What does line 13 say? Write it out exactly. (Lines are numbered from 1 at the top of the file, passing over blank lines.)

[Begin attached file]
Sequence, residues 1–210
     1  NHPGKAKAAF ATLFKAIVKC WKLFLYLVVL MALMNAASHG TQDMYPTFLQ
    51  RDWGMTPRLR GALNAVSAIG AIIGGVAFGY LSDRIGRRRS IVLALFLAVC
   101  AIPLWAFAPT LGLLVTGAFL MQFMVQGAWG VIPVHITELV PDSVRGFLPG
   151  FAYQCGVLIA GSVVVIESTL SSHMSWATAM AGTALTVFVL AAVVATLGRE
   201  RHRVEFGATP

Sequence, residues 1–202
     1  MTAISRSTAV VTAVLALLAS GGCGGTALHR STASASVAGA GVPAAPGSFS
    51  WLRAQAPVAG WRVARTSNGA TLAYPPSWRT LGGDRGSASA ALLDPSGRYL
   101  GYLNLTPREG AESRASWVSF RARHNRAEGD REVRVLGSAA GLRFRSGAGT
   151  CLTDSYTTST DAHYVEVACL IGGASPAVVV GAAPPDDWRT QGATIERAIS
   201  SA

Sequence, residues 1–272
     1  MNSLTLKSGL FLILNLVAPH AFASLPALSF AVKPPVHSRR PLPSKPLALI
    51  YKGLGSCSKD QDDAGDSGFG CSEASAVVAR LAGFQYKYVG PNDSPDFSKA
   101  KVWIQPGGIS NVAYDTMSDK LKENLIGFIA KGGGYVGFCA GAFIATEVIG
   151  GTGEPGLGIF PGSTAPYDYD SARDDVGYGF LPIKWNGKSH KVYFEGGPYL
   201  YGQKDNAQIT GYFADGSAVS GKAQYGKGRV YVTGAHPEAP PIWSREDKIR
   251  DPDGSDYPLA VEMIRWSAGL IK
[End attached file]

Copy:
Sequence, residues 1–272